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Southern DHB reminding staff to “Get Ready”

Media Release

22 September 2014

Southern DHB reminding staff to “Get Ready”

This week is Ministry of Civil Defence Emergency Management “Get Ready Week” and Southern DHB is asking staff if they’re ready in the event of a disaster.

The theme of Get Ready Week is "What Would You Do?" This question can be applied to all types of disasters and it invites people to think about what they would do if, for example, the power was cut off for several days or their home and/or work was flooded or a tsunami was heading their way.

Southern DHB is reminding staff that there are easy steps to get ready including learning about disasters and how to keep safe, creating and practising a household emergency plan, assembling and maintaining emergency survival items and having a getaway kit in case they need to leave in a hurry.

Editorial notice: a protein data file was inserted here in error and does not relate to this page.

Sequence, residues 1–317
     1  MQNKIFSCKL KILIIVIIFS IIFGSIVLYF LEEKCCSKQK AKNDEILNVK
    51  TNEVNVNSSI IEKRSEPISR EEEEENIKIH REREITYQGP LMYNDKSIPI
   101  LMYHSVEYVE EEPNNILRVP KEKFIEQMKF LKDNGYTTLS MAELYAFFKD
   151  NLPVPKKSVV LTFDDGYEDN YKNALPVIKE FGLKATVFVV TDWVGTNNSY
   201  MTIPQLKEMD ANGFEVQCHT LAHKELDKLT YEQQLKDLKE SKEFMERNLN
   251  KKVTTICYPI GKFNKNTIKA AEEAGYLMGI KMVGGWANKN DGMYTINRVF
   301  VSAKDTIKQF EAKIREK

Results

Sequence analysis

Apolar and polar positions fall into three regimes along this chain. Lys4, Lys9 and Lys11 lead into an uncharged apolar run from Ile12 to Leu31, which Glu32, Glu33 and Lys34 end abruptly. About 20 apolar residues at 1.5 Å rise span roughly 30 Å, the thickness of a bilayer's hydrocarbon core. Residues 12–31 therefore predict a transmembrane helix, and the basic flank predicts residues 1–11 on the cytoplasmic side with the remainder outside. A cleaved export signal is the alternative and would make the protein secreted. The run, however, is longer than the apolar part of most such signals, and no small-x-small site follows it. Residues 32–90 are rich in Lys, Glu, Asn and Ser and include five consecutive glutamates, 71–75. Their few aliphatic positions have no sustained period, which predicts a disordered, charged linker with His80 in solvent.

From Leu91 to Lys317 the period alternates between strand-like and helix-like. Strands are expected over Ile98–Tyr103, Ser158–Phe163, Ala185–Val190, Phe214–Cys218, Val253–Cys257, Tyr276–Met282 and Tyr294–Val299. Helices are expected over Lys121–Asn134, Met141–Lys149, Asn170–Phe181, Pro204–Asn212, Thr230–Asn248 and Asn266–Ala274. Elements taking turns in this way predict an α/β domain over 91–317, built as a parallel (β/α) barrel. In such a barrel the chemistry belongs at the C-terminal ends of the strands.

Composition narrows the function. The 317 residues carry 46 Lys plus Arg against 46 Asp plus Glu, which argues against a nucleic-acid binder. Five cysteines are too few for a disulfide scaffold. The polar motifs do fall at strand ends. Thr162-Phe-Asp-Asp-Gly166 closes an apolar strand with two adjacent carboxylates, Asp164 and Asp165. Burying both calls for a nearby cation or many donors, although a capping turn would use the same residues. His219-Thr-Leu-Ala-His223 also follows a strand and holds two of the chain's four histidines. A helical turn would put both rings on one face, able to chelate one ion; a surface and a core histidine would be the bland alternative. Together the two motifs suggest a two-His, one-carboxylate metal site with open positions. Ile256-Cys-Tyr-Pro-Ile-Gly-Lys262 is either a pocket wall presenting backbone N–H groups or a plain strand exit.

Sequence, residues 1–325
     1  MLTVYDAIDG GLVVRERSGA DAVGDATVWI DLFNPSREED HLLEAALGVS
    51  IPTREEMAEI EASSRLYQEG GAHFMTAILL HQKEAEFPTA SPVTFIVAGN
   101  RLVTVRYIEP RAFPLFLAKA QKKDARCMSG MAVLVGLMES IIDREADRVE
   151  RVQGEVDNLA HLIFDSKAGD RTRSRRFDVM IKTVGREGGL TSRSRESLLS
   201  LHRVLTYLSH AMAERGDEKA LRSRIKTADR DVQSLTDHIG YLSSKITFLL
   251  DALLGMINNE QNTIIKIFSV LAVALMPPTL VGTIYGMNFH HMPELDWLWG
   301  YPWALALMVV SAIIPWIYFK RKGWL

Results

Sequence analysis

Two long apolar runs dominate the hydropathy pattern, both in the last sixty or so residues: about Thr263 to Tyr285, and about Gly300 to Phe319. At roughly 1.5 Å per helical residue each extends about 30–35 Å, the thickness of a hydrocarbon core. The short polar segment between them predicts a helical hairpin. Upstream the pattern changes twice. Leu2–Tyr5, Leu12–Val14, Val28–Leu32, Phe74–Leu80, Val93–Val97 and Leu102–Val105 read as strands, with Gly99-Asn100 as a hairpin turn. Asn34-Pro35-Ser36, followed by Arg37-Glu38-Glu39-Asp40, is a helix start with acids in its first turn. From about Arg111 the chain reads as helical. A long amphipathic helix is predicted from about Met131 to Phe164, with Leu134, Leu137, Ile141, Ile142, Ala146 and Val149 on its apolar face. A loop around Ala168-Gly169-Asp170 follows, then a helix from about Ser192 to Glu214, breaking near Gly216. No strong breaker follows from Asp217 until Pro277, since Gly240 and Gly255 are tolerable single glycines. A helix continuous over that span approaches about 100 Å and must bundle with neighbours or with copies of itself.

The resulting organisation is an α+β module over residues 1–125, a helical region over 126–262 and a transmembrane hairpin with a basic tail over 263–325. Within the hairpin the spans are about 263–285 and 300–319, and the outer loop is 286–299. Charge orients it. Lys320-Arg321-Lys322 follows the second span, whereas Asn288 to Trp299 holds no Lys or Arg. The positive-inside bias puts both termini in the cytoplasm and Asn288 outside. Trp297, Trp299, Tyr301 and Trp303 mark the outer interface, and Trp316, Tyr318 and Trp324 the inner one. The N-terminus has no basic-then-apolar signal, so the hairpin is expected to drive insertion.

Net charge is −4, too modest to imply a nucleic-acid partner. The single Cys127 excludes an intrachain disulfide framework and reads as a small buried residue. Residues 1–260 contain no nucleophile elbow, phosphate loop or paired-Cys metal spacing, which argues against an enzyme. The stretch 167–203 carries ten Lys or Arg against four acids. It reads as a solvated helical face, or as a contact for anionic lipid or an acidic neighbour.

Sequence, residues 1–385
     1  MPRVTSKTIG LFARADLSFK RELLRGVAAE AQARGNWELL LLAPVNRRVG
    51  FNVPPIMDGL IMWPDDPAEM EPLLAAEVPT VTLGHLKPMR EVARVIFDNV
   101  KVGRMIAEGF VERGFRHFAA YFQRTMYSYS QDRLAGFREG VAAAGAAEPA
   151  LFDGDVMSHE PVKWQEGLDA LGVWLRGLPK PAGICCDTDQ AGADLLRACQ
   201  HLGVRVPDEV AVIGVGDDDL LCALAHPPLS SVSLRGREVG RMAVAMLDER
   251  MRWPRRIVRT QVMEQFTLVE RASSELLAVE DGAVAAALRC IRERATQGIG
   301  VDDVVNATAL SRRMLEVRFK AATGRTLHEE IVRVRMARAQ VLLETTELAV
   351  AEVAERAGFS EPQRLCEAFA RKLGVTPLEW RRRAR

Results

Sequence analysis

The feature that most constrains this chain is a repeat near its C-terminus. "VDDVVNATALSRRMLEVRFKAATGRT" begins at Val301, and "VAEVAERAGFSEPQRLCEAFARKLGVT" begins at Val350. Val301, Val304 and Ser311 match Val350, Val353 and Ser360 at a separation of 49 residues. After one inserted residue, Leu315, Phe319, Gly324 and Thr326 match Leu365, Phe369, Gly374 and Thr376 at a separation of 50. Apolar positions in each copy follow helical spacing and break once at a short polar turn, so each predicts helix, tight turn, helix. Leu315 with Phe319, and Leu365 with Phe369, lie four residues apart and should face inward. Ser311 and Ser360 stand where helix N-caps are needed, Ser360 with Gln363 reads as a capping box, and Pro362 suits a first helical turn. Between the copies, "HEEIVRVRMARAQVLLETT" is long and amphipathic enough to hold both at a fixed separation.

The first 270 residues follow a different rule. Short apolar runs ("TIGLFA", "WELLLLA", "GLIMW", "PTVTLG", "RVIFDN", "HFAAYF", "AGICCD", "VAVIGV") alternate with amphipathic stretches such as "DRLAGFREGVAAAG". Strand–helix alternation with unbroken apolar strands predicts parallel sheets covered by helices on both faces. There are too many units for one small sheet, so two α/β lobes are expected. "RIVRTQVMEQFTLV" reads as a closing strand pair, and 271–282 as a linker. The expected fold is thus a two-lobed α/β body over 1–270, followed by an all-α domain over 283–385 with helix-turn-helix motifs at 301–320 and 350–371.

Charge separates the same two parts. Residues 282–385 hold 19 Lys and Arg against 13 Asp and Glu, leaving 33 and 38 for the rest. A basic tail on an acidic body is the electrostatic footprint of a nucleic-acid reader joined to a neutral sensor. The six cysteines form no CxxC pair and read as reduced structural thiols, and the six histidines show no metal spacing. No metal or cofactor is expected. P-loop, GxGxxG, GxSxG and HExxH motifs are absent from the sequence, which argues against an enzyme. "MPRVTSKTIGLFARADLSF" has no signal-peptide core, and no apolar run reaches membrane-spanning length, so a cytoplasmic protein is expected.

“These are all simple steps and don’t take long to sort out. The great thing about them is that once you’ve done the plan and assembled the emergency survival items and getaway kit all you need to do is to check and update them each year,” said Southern DHB Emergency Management Manager, Paul McNamara.

“People don’t really think that an emergency will happen to them, that it happens only to other people, but it’s a reality here in New Zealand that we might have an earthquake or other natural disaster at any time.”

Staff member Sarah knows only too well what it’s like to be in a disaster. She experienced the Canterbury earthquakes and says that, “it’s very difficult to explain what it’s like. Little things that you usually take for granted become a priority like keeping enough petrol in the car, making sure your phone is charged and having cash in the house in case all the Eftpos machines stop working. I really don’t think people realise that they have to think about and plan for an emergency.”

Discussing with people their emergency plan is a natural follow-upto the question, “What Would You Do?” as is checking with people to see what they have already done towards the plan.

This provides the opportunity to reassure people that they probably have done more than they think to prepare for a disaster and provide them with the opportunity to discuss the plan with family, friends, workmates and neighbours.

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